Thanks. Is the sample from an upcoming article or was it featured in an already published one?

CrM said...

@Copper Axe
Where did I write that it was "entirely" maternal?
Northeast Caucasians can reach up to 50% Catacomb in some cases, averaging at 40%, but they are dominated by J Y-DNA lineages. This is usually the part where the founder effect argument usually comes;
As per Yunusbayev et al, R1b among NEC speakers accounts to roughly 11% of total YDNA, while steppe mtDNA to 16%. And that's only accounting U4 and U5, obviously they have other steppe lineages as well, but due to their ambiguity in the study I'd rather not count them, but overall, had it been a simple case of founder effect, steppe mtDNA wouldn't appear as often as it does among Northeast Caucasians. There's also the fact that the Indo-European cultural package is almost nonexistent in Northeast Caucasus.

@Davidski
Seems like a sure way of getting unpublished information from you is by challenging the "Steppecentric" narrative with half baits. :))
There's nothing surprising with R1b being found in Dagestan, as I said before it accounts to roughly 11% of NEC YDNA. We also know of KAC Velikent with a typical NEC J1 YDNA and Steppe U4.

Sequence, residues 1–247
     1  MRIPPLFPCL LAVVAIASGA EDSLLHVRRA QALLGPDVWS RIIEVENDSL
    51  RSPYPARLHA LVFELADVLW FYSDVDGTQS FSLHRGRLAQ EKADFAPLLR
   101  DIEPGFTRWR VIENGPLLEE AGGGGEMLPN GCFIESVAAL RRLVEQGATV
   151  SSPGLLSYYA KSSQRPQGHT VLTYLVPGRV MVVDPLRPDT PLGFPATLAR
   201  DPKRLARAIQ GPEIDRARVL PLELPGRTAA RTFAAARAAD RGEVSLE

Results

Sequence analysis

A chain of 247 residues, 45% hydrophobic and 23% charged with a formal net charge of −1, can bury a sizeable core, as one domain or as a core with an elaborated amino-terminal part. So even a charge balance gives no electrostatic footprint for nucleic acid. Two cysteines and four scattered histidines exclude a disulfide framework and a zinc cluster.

Davidski said...

It's not out yet, as far as I know.

zardos said...

@Archi: "What does more mean? Strictly speaking, we do not have a single tested sample from Dereivka culture. The only one that is inscribed in it in time is a sample from Alexandria R1a, but its culture is not defined, it is definitely not Sredniy Stog, I generally doubt that it is Eneolithic.

You love to write a lot of words. Of course, Dereivka is the most suitable, it is a forest-steppe society of battle axes and corded ware, all these traditions come from the northeast. The kurgan tradition comes from the east."

I knew that it, its good we agree on the unfortunate representation of Eneolithic Derevika, which is indeed poor to non-existent, with one ill defined individual which might come close to the whole grouping. We need LDC, SSC and Dereivka proper to get the full picture.

Anyway, talking about the deeper origin of the Dereivka/Corded Ware tradition, we'll see, but for sure not more North East than Repin, rather the contrary.